White peaks and fields of flowers at Mount Rainier – Nisqually to Steven’s Canyon.

The sheer size of it alone will be enough to grab your attention on a clear sunny day in Western Washington. If your from around here we’re always saying, “The mountain is out!” You can see it almost everywhere you go. Standing tall at 14,411 feet you couldn’t miss it if you tried. Always capped with snow year around.

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I have been fortunate enough to experience Mount Rainier in many different aspects at many different angles and vantage points throughout my life. I’ve been coming here since I was a little kid with family, school field trips, friends and for work. It’s always been my home away from home. For me, it’s just a hop skip and jump away. A short 45 minute drive and I’m at the Nisqually entrance of the park. This is the southern entrance, there are two other main entrances to the park one more on the east side called Steven’s Canyon. The other, actually accesses another part of the park called Sunrise, we’ll talk about this side of the mountain on another day. This entrance is more northeast. Then there are two other entry points as well, but you aren’t driving very far into them by car. Time to bust out the hiking sticks for those ones.

I have always enjoyed starting my day at the mountain in the lower elevations, rather than drive to the top and work my way down. The thick forest full of moss and life living under the canopy of tall evergreen trees, just calls to me. The hundreds of little streams, creeks and waterfalls all from the tall jagged mountain tops above, rushing down the landscape to meet the enormous rivers that feed the Puget Sound. It’s really a majestic moment walking through the lush forest of this towering mountain above.

Mount Rainier is a great place for people of all ages. There is something to do or see for everyone. I thought I would give a broad review of the Nisqually to Steven’s Canyon entrance to the mountain here and later focus on Sunrise and more detailed moments, such as particular hikes, stays at the lodge, restaurants etc.

As your’re driving along, the sights are breathtaking. It doesn’t matter which direction your looking. Through the lush green forest, going up and over bridges with creeks and rivers, views that open up to massive glaciers, views that are long and vast into the distance. The occasional waterfall crashing over a rock wall, right next to the road, splashing to the ground. There is almost always a place to pull off and get out of your car for a look. You won’t be disappointed either. Take advantage of stopping to look. Once you’ve got back in your car and drive, don’t be surprised because you’ll be stopping once again to get out and look at something else. If your adventurous there is many places to pull off and go further to tackle a longer hike. Be sure though if your going to venture out to enjoy a hike, come prepared with the 10 essentials and always check trail conditions and let family or friends know that your hiking that day.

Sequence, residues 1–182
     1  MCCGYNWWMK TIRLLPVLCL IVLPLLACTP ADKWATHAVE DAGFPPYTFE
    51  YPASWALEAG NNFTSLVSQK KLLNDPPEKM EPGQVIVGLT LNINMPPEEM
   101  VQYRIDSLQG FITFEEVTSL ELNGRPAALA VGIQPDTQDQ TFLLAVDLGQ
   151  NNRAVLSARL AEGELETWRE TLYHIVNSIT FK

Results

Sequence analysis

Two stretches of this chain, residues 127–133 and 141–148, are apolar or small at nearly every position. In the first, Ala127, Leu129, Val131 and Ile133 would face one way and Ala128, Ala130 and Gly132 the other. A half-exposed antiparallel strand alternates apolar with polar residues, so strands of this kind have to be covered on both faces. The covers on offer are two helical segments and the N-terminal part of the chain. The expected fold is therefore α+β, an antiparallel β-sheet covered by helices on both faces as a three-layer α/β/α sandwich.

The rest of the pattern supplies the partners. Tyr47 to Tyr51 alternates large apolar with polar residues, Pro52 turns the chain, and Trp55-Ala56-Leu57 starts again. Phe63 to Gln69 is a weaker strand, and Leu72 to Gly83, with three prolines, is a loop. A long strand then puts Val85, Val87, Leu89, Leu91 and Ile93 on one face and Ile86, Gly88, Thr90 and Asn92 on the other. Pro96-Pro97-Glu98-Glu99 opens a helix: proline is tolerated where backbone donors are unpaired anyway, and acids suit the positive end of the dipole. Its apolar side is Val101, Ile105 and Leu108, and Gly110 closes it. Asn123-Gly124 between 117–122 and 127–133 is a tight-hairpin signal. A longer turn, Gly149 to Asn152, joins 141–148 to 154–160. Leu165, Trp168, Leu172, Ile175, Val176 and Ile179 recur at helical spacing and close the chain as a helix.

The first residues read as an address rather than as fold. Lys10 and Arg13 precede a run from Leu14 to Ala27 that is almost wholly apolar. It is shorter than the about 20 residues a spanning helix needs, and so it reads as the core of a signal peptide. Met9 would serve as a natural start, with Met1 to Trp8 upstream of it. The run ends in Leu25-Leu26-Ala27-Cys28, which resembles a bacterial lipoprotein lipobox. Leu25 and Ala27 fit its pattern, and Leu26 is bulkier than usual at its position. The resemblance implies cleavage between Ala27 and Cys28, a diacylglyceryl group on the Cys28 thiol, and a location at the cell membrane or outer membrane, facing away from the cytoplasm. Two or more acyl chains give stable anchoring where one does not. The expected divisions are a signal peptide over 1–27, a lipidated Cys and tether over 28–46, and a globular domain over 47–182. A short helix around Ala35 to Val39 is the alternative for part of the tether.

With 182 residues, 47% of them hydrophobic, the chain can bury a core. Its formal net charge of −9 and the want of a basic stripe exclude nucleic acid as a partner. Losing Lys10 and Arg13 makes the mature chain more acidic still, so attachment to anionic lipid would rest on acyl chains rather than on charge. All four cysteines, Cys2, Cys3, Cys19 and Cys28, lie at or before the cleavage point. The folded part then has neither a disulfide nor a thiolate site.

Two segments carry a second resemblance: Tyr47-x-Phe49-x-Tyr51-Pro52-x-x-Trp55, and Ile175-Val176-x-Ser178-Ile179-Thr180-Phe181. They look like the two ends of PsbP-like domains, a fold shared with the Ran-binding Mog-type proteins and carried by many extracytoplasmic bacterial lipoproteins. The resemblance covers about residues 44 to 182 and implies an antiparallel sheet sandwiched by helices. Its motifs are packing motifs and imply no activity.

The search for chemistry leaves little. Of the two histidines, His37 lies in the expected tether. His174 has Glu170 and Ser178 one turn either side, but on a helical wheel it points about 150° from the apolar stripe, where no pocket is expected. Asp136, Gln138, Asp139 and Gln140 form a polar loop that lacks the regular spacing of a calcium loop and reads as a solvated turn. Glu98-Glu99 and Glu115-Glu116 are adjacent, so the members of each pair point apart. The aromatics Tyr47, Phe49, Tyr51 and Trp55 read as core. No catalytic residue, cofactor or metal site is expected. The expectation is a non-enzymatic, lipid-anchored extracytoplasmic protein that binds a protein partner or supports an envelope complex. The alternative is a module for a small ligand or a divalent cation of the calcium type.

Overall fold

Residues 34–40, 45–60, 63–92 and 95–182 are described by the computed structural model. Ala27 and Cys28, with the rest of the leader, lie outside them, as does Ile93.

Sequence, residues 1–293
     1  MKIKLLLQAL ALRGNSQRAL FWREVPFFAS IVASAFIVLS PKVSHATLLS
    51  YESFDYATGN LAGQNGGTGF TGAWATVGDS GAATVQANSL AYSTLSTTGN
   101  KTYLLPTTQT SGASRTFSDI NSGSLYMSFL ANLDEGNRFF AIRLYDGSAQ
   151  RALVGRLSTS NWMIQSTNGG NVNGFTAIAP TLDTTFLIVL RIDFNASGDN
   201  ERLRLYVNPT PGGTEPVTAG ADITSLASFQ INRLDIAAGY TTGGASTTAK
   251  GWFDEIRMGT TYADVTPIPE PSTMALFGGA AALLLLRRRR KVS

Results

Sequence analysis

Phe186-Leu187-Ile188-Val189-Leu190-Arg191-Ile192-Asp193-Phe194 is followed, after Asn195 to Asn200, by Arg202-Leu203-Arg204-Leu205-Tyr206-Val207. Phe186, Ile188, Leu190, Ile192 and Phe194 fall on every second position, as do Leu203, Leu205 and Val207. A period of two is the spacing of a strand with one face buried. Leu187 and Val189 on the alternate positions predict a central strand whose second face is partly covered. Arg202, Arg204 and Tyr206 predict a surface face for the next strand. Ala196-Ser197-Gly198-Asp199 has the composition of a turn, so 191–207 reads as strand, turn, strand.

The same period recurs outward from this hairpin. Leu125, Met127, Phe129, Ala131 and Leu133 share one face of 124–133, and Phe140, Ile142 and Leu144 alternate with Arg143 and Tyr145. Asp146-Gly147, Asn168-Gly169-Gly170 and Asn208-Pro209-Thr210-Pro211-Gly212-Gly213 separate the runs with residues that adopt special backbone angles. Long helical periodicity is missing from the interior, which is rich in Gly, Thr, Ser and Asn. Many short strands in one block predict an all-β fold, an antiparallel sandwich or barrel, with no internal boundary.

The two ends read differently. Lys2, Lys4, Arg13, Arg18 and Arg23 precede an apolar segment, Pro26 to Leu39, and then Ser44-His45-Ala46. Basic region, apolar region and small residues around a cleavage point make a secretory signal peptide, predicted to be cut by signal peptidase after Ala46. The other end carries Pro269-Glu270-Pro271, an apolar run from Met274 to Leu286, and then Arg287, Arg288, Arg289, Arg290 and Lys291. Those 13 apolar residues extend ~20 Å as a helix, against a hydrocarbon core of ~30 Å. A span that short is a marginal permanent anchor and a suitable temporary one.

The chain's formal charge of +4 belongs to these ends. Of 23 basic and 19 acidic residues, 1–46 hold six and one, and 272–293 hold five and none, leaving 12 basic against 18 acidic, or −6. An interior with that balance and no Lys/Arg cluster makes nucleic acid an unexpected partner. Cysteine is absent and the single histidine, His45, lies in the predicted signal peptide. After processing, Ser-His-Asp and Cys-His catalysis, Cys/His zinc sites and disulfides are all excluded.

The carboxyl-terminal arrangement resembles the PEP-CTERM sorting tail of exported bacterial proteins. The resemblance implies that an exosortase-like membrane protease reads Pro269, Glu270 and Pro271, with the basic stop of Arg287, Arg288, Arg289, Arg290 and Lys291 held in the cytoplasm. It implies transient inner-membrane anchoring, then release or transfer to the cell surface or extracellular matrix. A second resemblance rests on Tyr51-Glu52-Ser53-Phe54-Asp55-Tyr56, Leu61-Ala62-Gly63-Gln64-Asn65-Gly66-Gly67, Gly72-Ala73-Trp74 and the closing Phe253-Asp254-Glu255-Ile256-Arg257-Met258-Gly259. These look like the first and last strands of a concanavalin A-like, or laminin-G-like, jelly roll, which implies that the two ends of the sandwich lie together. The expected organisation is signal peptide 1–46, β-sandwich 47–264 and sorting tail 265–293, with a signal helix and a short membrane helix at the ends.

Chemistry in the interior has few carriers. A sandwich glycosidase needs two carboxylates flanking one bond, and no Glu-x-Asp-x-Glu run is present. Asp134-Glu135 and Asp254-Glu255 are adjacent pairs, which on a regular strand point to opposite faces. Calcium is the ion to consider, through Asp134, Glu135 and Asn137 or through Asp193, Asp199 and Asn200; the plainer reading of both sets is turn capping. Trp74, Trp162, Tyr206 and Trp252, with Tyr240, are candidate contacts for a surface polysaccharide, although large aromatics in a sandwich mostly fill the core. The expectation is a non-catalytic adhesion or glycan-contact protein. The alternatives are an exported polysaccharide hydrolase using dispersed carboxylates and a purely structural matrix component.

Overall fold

https://americanhiking.org/resources/10essentials/

One of my favorite spots to stop and go for a moderately easy hike and sight seeing is at Longmire. Longmire was once the homestead that belonged to James Longmire. It was home to his resort and spa, Mineral Creek Springs. Where today the springs are still there. The trail is called Trail of the Shadows. It’s a one mile loop that goes around wetland through the forest. This is a wonderful hike for younger children as its a self guided interpretive trail with lots of information along the way about James Longmire and the history of this area and how it began.

Longmire has so much to offer for entertainment. There is the Longmire Inn. Cute little hotel. I often see people in the summer sitting on the porch, feet up on the railing taking in the view of the mountain in the most comfortable loungers. Great way to relax, unwind and enjoy a nice glass of wine. Spending the night here on Mount Rainier is definitely a must at least once in your life. Something extremely peaceful and serene about it.

https://www.reservations.com/hotel/national-park-inn-longmire-wa?rmcid=dsa&gclid=EAIaIQobChMI3tPNgNDp3wIVkxh9Ch1uYwjtEAAYAyAAEgJFy_D_BwE

The now museum was constructed in 1916. Telling the tale of what all was once here. There is also a concession cafe’/sit in restaurant and gift shop that sells small gifts and souvenirs. Plenty of parking spaces for all walks of life. Great views, food and things to see.

Continuing up the mountain the trees start thinning, the views reveal sharp mountain tops, waterfalls to be seen in the distance. An abundant amount of mountain birds. The occasional group of deer and even bear. You’ll see marmots, pikas and even fox. There is a plethora of animals up here. I don’t think I have ever been to the mountain and not seen something. The late spring is the best time to see the biggest variety in my opinion. You don’t even have to leave your car to enjoy the wildlife, as its sometimes within sight of the ride.